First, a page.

Swann spins England to whitewash
Graeme Swann led the way with six wickets as England’s bowlers delivered a stunning performance on the final afternoon at the Kia Oval to dismiss India for 283 and wrap up an innings-and-eight-run victory that secures a 4-0 npower series whitewash.
It had looked as though the tourists might save the fourth Test as a fourth-wicket partnership of 144 between Sachin Tendulkar and Amit Mishra took them to within 29 of England’s first-innings score.
The great Tendulkar, dropped on 70 and 85 off Swann, was also on the brink of making history in front of a sell-out crowd as he moved to within nine of a remarkable 100th international hundred.
However, his departure, lbw to Tim Bresnan for 91, came in the midst of a collapse that saw the final seven wickets go for the addition of just 21 runs.
Mishra fell to Swann in the over before Tendulkar’s dismissal, having displayed admiral fighting spirit and no shortage of ability in compiling a Test-best 84.
Yet once the established pair had been removed there was no stopping England as they ran through the tail in clinical fashion to claim yet another comprehensive win, with Swann taking 6-106.
England, who have proved irresistible throughout the summer, were already guaranteed to replace their opponents as the world’s number one Test team after this fixture and captain Andrew Strauss was presented with the International Cricket Council’s Test mace during the post-match presentation.
Tendulkar, who appeared to be stumped by Matt Prior yesterday when on 34, only for England’s fielders to remain silent, took just two balls to advance his and India’s score this morning as he guided a wide delivery from James Anderson through the vacant gully region for four.
An uppercut over the same area brought four more in the Lancashire seamer’s next over, while Mishra made a confident start against Swann, who was expected to represent England’s chief threat on a wearing surface.
After Tendulkar had moved to 50, from 74 balls, Mishra did suffer a moment of discomfort as he was struck on the left thigh by Anderson, who then beat the outside edge with a fuller delivery.
However, for the remainder of the morning, the leg-spinner surprisingly outshone his distinguished partner with an array of impressive shots.
While Tendulkar displayed uncharacteristically poor footwork in playing and missing outside the off stump against Anderson and Stuart Broad, who also saw an lbw appeal rejected, Mishra collected fours in three consecutive overs to bring up the 50 partnership.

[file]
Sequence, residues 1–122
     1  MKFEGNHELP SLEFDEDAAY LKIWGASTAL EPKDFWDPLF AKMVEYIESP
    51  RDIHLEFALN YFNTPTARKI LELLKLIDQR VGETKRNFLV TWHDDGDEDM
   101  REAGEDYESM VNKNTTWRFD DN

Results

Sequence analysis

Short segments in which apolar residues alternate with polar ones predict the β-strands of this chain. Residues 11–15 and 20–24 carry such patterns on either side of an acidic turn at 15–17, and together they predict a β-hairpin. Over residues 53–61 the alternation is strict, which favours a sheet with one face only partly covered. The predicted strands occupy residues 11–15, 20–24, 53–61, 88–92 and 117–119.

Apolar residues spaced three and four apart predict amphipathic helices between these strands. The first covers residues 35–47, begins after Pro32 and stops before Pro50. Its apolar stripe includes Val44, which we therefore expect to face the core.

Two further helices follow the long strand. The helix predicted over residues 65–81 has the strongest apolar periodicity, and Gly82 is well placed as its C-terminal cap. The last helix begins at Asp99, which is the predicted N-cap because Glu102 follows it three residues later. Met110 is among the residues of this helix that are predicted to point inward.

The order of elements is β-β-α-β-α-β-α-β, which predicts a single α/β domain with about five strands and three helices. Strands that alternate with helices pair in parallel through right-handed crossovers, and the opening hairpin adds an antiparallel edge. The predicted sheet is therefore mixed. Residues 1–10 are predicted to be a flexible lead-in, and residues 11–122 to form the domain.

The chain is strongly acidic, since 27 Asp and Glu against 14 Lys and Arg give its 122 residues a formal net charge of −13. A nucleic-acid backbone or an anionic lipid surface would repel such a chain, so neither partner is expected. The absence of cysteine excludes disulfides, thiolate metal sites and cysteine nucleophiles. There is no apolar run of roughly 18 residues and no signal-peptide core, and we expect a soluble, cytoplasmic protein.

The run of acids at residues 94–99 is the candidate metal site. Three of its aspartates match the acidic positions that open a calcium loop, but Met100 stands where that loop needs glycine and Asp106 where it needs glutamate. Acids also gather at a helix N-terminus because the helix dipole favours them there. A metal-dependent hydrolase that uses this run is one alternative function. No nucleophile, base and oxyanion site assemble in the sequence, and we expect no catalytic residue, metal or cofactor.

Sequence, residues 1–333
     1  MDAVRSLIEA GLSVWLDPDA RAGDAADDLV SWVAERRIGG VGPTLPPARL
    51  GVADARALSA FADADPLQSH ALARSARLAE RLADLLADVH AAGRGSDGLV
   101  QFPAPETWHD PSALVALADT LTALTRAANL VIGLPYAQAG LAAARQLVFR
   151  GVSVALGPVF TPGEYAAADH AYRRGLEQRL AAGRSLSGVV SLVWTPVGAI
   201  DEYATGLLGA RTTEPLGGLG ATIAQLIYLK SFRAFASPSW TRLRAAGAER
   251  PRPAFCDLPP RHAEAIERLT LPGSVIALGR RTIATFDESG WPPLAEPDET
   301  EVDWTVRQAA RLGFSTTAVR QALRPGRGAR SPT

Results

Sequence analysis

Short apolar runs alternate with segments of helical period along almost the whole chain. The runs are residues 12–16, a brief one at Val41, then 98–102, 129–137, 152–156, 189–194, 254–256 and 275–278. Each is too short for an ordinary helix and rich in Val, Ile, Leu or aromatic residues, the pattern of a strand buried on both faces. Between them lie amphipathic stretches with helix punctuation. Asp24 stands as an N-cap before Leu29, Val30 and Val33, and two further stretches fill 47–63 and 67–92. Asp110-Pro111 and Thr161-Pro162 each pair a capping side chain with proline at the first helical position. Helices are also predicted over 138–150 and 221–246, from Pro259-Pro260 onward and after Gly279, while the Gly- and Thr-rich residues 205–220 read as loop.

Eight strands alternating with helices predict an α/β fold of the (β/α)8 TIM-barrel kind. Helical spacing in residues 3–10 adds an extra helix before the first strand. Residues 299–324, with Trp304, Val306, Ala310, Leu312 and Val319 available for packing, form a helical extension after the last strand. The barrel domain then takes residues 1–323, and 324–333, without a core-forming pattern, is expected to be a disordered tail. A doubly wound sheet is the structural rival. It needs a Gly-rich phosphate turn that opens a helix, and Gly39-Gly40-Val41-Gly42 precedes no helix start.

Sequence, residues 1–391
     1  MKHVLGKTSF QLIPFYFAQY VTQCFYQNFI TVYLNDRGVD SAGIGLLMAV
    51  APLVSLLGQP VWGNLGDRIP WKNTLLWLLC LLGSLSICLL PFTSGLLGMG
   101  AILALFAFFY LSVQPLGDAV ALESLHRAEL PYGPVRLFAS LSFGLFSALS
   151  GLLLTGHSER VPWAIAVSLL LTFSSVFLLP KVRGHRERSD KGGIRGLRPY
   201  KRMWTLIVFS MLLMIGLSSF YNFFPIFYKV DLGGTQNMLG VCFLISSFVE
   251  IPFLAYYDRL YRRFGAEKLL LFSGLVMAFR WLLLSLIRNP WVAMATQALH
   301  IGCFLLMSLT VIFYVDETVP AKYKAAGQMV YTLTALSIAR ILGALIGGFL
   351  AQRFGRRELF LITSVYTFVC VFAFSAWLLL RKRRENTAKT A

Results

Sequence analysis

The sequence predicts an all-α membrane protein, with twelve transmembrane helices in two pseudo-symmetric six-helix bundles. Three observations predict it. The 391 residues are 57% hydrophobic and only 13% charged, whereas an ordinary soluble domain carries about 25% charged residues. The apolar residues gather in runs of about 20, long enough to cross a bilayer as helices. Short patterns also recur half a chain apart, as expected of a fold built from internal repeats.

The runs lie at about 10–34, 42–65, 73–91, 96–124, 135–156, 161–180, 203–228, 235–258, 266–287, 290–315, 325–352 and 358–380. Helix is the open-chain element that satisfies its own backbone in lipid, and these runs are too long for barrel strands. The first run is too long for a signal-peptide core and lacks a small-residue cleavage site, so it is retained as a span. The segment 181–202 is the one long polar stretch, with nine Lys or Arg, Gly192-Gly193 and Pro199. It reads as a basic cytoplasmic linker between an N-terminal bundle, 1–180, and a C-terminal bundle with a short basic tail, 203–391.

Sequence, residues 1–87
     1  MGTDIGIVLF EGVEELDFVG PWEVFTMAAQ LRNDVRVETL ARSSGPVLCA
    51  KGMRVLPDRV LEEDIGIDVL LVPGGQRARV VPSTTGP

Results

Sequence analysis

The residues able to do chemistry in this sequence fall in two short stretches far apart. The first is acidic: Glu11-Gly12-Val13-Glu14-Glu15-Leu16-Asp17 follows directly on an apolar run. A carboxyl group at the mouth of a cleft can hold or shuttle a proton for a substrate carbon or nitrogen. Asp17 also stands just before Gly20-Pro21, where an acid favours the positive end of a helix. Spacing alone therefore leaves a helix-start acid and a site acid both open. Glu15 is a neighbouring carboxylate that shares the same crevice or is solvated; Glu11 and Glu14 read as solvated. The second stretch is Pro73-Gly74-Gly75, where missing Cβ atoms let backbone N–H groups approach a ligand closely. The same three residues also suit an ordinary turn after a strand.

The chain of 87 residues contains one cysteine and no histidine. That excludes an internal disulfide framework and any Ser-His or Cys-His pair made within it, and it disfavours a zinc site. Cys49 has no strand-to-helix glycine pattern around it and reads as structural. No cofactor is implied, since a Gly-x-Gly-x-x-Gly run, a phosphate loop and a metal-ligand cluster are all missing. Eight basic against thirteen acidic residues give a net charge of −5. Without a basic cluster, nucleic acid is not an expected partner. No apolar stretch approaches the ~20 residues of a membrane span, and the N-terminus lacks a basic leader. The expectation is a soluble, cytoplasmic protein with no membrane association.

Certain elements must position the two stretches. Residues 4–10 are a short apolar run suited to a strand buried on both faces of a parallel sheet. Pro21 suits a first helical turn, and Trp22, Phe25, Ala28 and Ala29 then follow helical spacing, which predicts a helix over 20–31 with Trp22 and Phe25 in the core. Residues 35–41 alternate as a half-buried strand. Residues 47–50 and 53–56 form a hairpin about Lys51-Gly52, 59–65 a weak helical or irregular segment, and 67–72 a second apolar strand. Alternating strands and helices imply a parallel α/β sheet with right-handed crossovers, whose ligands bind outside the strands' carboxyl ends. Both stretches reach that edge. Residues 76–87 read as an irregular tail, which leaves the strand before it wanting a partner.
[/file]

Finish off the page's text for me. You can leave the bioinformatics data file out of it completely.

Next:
Ravi Bopara proved ineffective upon his introduction to the attack, conceding fours through the covers and third man to Tendulkar.
Swann, meanwhile, was also struggling to make an impact and, after switching to the Pavilion End, was lofted down the ground for four by an increasingly assured Mishra.
However, England’s off-spinner was unfortunate not to account for Tendulkar shortly before lunch when Alastair Cook failed to hold on to a tricky bat-pad chance at short-leg.
Mishra moved to 50 in the final over of the morning session by angling Bresnan down to third man for two and then picked up another four through the same region.
Yet when play resumed after the interval the focus was entirely on one man.
With the tension increasing, Swann was unfortunate not to win an lbw verdict when Tendulkar failed to connect with a sweep and was struck on the front pad. Later in the same over, the batsman eased a shorter ball through the covers for his 10th four.
Mishra found the fence for the ninth time to move to 76 before Tendulkar was dropped for a second time off Swann, this time by Prior as he looked to make room to cut.
Another appeal for leg before from the Nottinghamshire bowler was also turned down, but Swann finally made a breakthrough when Mishra played down the wrong line and was bowled.
In the next over, England had further cause for celebration as Bresnan ended Tendulkar’s stay, to the amazement of an engrossed audience.
Suresh Raina swiftly followed for a duck, his second of the match, when he propped forward to Swann and was adjudged lbw, although replays showed the left-hander had got an inside-edge.
A rampant England were then able to take the new ball and Broad struck twice in the space of four balls in the second over of his spell.
India captain Mahendra Singh Dhoni was caught at second slip following a wild drive, and RP Singh was unable to deal with a rising delivery and nicked through to Prior.
Swann was initially denied a fifth wicket when Ishant Sharma successfully reviewed umpire Rod Tucker’s decision to give him out caught at silly point.
In the spinner’s next over, however, Gautam Gambhir advanced down the track and succeeded only in spooning a simple catch to Eoin Morgan at gully and when Sreesanth missed a straight ball the celebrations could begin.